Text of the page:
3 major trends affecting ed tech companies

Just like the year before, 2021 was a good time to be in Ed Tech. Investments in the sector rose sharply around the world, with funding levels in the US nearly twice as high in the first three quarters of the year as it was in all of 2020, so Data from HolonIQ. Several companies also took the moment to go public, including Udemy, Coursera, and D2L.

For the past two months, major ed-tech companies in the US have shed light on how they are doing during phone calls about their earnings reports for the third quarter of their current fiscal year, which usually runs January through December. Below, we’ll take a look at three major trends that they highlighted.

The flywheel effect

Two companies that help universities build and maintain online programs are taking steps to attract more students to their platforms.

One is 2U. Although the Online Program Manager (OPM) has built its brand around helping elite universities introduce and maintain degrees, in recent years it has expanded its offering to include short courses, certificates, boot camps and bachelor programs.

In order to further expand its offering, the company acquired edX, one of the world’s leading MOOC platforms, in mid-November for $ 800 million in cash.

The deal gives 2U access to a platform with around 41 million registered learners who want to move from free MOOCs to paid courses and programs. In a phone call with analysts In November, Chip Paucek, CEO and co-founder of 2U, said these users were more likely to sign up for 2U’s online degrees and other degree programs than leads generated through other channels.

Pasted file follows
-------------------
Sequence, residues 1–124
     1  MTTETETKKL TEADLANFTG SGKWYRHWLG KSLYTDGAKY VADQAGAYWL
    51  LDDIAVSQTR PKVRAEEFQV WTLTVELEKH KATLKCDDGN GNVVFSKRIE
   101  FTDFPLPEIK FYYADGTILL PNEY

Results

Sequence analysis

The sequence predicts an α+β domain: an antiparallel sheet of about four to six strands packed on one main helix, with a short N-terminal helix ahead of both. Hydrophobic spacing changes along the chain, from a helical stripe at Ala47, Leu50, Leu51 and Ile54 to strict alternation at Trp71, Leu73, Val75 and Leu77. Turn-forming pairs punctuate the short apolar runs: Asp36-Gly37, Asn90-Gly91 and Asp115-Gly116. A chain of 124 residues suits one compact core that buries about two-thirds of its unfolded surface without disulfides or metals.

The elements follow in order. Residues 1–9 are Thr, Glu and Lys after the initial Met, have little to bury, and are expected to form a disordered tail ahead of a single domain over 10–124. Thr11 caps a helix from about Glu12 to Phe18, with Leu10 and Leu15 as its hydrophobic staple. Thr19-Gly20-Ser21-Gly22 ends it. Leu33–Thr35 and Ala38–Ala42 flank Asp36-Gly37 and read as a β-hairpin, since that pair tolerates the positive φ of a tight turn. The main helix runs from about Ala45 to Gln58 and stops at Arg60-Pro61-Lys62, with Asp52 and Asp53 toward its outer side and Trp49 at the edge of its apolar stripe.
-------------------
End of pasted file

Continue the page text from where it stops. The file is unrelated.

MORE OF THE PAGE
“We believe this student overlap will be an important factor in the marketing cost benefits we expect with this transaction,” said Paucek. “It is a direct replacement for leads we are currently paying for and will generate new revenue.”

Coursera, a MOOC provider that went public earlier this year, is pursuing a similar strategy of moving non-paying users to paid offerings. The platform offers free online courses, but also paid professional certificates and study programs.

“There is a flywheel effect as the growing selection of content and references attracts more and more individuals and institutions, which in turn motivates our educational partners to create even more content on the platform,” said Jeff Maggioncalda, CEO of Coursera, in a Call with analysts Beginning of November.

Coursera and 2U’s similar strategy is an attempt to cut student acquisition costs. For example, officials at 2U expect the edX acquisition to cut annual marketing costs by $ 40 million to $ 60 million over the next two years. 2U spent $ 390 million on marketing and sales in 2020, up from $ 342 million in 2019. according to documents filed with the Securities and Exchange Commission.

If 2U and Coursera are successful in cutting that spending, it could deal a blow to other OPM companies, said Phil Hill, partner at ed-tech consultancy MindWires.

“It’s going to make it pretty difficult to be in the market if you don’t have a way to cut that cost,” said Hill.

A threat to the traditional higher ed